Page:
Schramm’s “Tuba” Model

Through his investigations, Wilbur Lang Schramm fulfilled an important dissemination labor of the research developed by Mass Communication Research. He was a thinker who wrote about communication, the media and journalism.


To Schramm are credited a number of models in which interpersonal communication and interaction is worked, with what the author calls "experience field" whereby the higher this shared experience, the simpler the communication.


The most important of these models created by Schramm is the one known as “Schramm’s Tuba” (See Graphic) centered in the process of collective communication.


This model addresses the process in which from the multiplicity of messages, the receiver selects the ones which require less effort to understand and those that best represent the set of rules of the social group from which the receiver is part.


In Schramm’s study about the communication process there is an implicit worry over the study of the effects and it starts from the assumption that when a communication is issued, it occurs, in unison, an attempt to predict its effects: the sender makes a projection of the possible effects of his messages.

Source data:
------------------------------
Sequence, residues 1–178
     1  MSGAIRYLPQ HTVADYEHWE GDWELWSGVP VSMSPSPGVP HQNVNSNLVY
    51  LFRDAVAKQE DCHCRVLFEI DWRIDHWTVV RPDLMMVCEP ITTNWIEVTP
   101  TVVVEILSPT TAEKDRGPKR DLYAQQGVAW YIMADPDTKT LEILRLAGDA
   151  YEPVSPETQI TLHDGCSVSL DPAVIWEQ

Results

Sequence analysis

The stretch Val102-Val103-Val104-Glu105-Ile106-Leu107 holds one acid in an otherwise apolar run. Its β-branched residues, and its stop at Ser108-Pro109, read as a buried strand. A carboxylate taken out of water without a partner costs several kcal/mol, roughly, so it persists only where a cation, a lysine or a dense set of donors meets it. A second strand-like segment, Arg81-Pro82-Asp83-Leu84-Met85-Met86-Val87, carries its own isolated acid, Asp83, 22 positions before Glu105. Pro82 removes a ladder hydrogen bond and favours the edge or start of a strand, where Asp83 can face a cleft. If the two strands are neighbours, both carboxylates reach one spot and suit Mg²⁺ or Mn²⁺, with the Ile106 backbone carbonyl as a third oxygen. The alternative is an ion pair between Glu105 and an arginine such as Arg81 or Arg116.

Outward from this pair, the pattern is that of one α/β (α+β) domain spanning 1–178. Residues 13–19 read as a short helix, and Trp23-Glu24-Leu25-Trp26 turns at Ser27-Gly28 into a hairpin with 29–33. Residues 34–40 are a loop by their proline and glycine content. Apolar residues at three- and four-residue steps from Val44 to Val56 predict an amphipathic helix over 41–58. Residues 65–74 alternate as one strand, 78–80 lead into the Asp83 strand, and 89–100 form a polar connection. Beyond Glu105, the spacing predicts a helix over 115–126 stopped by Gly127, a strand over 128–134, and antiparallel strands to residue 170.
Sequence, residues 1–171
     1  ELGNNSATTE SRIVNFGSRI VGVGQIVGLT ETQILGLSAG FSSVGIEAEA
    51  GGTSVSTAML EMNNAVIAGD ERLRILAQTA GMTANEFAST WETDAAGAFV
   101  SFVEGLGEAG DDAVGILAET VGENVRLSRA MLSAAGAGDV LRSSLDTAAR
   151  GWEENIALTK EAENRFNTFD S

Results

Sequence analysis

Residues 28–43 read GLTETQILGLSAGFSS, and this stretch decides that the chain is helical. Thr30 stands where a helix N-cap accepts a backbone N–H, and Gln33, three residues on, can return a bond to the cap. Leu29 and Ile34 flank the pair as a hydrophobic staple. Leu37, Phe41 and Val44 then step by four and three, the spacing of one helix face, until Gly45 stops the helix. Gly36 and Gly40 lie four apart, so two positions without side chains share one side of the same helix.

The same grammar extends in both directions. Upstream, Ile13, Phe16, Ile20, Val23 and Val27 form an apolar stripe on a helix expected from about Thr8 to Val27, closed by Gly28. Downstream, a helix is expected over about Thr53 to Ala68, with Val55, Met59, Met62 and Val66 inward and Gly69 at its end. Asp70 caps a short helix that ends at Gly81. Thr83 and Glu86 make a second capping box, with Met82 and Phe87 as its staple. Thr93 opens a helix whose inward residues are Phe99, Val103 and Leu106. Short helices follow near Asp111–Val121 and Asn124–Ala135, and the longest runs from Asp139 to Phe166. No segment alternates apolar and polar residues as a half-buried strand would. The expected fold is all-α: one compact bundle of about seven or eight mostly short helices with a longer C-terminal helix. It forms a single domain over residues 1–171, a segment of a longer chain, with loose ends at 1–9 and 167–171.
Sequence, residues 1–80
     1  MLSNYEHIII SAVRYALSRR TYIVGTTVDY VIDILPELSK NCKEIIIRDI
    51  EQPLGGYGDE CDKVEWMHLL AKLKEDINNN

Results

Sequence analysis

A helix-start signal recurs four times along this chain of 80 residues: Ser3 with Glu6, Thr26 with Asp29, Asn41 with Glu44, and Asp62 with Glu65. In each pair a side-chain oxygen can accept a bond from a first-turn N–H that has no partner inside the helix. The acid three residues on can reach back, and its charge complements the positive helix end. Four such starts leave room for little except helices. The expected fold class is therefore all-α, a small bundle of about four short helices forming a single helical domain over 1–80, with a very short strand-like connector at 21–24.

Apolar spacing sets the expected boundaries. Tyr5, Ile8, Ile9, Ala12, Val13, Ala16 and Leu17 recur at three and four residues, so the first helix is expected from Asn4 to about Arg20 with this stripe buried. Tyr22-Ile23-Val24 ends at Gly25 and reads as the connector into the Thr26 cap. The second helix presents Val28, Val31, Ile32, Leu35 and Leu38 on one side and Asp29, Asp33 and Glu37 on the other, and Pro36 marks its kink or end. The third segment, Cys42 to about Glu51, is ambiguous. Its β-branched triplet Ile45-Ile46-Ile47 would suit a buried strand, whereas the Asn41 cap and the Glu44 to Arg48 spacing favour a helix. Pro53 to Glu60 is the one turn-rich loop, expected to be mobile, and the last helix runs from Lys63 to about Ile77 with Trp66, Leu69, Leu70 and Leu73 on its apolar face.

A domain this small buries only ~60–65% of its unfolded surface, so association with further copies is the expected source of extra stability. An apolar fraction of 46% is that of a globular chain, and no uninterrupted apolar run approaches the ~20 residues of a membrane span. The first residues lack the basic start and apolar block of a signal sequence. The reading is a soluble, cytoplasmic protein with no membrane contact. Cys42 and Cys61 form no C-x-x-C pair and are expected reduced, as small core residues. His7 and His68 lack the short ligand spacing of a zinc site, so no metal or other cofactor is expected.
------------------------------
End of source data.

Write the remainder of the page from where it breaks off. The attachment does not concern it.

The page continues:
Anyway, Schramm recognizes that communication effects are the result of several forces from which the communicator can only control one: shaping the message and deciding when and where to transmit it. The remaining uncontrolled elements are: the situation in which the communication is received and in which the answer will take place; the receiver's personality and; the receiver's norms and group relations.


Finally, while Schramm’s model is a continuation of Lasswell’s and Shannon’s models, it makes new contributions. For example, the feedback and the notion of "field of experience" as the collective memory which makes effective communication possible (the absence of this memory was one of the main criticisms to Shannon's model).


Still, while Schramm recognizes that the sender has not only the capacity of transmitting messages, he doesn't go any further, meaning the information's production process remains a black box.



Authors / References: Wilbur Lang Schramm.

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